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I was stopped and ticketed by a UT police officer for running a stop sign on my bicycle on campus. I never doubted that the stop was good, although I was a little peeved. (If it had been a speeding ticket, I would have framed it and hung it on the wall!)
 
Posts: 245 | Location: Austin, Texas | Registered: July 08, 2003Reply With QuoteReport This Post
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We handle a lot of these in narcotics too, as you can already see the trend. There are some areas of town where bicycles (not cyclists) are the primary mode of transportation. Even worse, handling stops for walking on the wrong side of the road. Again, usually occurs in areas where there are no sidewalks nor road shoulder so there is a more legitimate safety concern. For both types of stops, communicating that biking and walking are more common than auto-related traffic issues is key for a jury to accept that this wasn't just chicken you-know-what. Although, in these same (urban) areas of town, you will find chickens freely roaming the streets/yards.
 
Posts: 73 | Location: Richmond, TX | Registered: January 06, 2004Reply With QuoteReport This Post
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I wonder how many people know that when they walk on a roadway that lacks sidewalks, that they "shall, if possible, walk on" the left side of the roadway or the should of the highway facing oncoming traffic" (TTCA 551.006(b))? It flies the face of the idea that you move with the flow of traffic (motor vehicles and bicycles), but makes sense when you consider that a pedestrian is safer if the pedestrian can jump for safety.

Janette A
 
Posts: 674 | Location: Austin, Texas, United States | Registered: March 28, 2001Reply With QuoteReport This Post
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Seems to me that I learned "walk on the left facing traffic" and "cyclists follow all traffic rules" in elementary school....

Thankfully, most of my jury pool is close to my age!!

Lisa L. Peterson
Nolan County Attorney
 
Posts: 736 | Location: Sweetwater TX | Registered: January 30, 2001Reply With QuoteReport This Post
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Yeah, I always learned that a bicycle is a vehicle and should drive on the same side as the cars, but as a pedestrian you face oncoming traffic so you know when you have to move!
 
Posts: 1111 | Location: Waxahachie | Registered: December 09, 2004Reply With QuoteReport This Post
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Maybe they only used to teach that in elementary schools.. because we walked and rode bikes every single day from 2 to 5th grade and were very aware that those were the rules. Dont' really remember my mom telling me, or how we knew, but we knew!

And as a prosecutor in my old days in Boerne, we had cyclists all the time and there was always a battle on those country roads when cyclists would be three or four across and not let cars by...anyways, a cyclist was given a ticket in town for impeding traffic and was not too happy. Basically, the officer made it clear that had the cyclist been an old jalopy truck that had traffic backed up like this cyclist did, he would have gotten a ticket then, too. It was some interesting plea negotiations but he finally realized the rules of the road apply to him as well as protect him. Man, I DO NOT miss JP court! Smile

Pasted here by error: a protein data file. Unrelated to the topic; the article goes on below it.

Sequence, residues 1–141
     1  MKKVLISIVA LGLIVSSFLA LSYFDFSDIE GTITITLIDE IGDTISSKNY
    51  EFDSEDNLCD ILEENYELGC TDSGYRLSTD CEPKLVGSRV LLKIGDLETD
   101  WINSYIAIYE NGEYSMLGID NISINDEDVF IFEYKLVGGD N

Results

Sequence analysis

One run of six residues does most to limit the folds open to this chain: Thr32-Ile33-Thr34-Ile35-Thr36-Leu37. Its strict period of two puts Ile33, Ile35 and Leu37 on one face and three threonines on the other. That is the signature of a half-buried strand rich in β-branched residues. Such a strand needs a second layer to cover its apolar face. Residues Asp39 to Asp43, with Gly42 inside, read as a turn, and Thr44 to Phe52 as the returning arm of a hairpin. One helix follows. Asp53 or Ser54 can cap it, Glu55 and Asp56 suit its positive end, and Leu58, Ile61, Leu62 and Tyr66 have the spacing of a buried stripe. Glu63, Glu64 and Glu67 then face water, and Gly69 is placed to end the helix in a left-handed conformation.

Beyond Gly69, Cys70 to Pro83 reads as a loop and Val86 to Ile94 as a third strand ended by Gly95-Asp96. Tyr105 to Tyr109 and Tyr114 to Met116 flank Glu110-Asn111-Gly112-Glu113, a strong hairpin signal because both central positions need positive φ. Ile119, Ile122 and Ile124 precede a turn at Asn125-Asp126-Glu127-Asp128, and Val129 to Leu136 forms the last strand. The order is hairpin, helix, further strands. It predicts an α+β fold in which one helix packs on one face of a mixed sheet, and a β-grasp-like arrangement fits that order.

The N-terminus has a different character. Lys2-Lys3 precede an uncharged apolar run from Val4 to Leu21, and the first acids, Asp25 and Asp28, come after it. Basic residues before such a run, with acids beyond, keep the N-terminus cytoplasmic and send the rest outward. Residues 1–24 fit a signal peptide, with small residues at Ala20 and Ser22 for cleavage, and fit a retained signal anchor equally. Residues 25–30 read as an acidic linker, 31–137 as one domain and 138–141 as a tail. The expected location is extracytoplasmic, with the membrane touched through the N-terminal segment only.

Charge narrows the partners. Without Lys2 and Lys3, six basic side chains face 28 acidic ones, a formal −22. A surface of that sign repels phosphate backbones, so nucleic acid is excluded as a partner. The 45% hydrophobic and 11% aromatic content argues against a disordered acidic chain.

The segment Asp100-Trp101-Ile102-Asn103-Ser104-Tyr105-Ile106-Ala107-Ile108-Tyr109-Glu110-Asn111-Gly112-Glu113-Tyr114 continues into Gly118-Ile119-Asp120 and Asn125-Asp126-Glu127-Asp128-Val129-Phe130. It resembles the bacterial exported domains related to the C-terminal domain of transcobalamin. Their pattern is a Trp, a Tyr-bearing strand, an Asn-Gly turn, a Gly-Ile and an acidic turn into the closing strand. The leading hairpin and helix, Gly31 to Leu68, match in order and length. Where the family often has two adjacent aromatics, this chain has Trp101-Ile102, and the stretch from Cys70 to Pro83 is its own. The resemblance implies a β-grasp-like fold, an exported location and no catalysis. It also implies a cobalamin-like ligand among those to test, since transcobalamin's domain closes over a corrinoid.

[This message was edited by suzannejostwest on 05-18-10 at .]
 
Posts: 514 | Location: Del Rio, Texas | Registered: April 17, 2006Reply With QuoteReport This Post
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As a cyclist for more than 25 years, there is specific reason we ride 3 and 4 across while on some back roads: if there is not a decent shoulder to ride on, and we ride single file, cars do pass extremely close....and if you've ever ridden a bike or motorcycle and had vehicles pass close, then you are familiar with what is called the Bernoulli effect. The vehicle moves air to is side...and as the vehicle passes to the left of the cyclist, this air pushes the cyclist to the right...once the vehicle passes, and that "push" is gone, there is a "pull" on the bike that pulls us back to the left, where we are struck by the next vehicle....

Not to mention that too many red neck cowboys love to "tap" cyclist with their passenger side view mirrors...

Most cyclist are happy to move over and let cars pass when its SAFE for us to move over and be passed....

[This message was edited by Forensicscientist on 05-18-10 at .]
 
Posts: 69 | Location: Ft. Worth, Texas | Registered: October 15, 2003Reply With QuoteReport This Post
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Recall the original content of this thread was about stopping a cat on a bicycle and finding his stash. I don't get the feeling we are talking about serious cyclists drafting down country roads on $1,000+ bikes. I mean, where would they hide it?

Wait a minute! Is that what the little hollow in the seat is for? Man, I never knew. Clever, fella's, very clever.
 
Posts: 73 | Location: Richmond, TX | Registered: January 06, 2004Reply With QuoteReport This Post
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Cats smoke dope?
 
Posts: 1243 | Location: houston, texas, u.s.a. | Registered: October 19, 2001Reply With QuoteReport This Post
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This forum provides quite an "edumacation."
 
Posts: 444 | Location: Austin, Texas, USA | Registered: January 06, 2010Reply With QuoteReport This Post
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Actually - the seat on my bike is a small compartment for keys and such. It is large enough that I have the magnetic key for the courthouse, office key, bug repellant wipes and the extra lenses for my glasses. Were I so inclined, drugs could easily be carried there.

Lisa L. Peterson
Nolan County Attorney
 
Posts: 736 | Location: Sweetwater TX | Registered: January 30, 2001Reply With QuoteReport This Post
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Ms. Peterson, I am very impressed. My car died and I tried to ride a bike for a semester of law school in SA and between traffic and the really heavy load of books in my backpack, I just started mooching rides.
 
Posts: 514 | Location: Del Rio, Texas | Registered: April 17, 2006Reply With QuoteReport This Post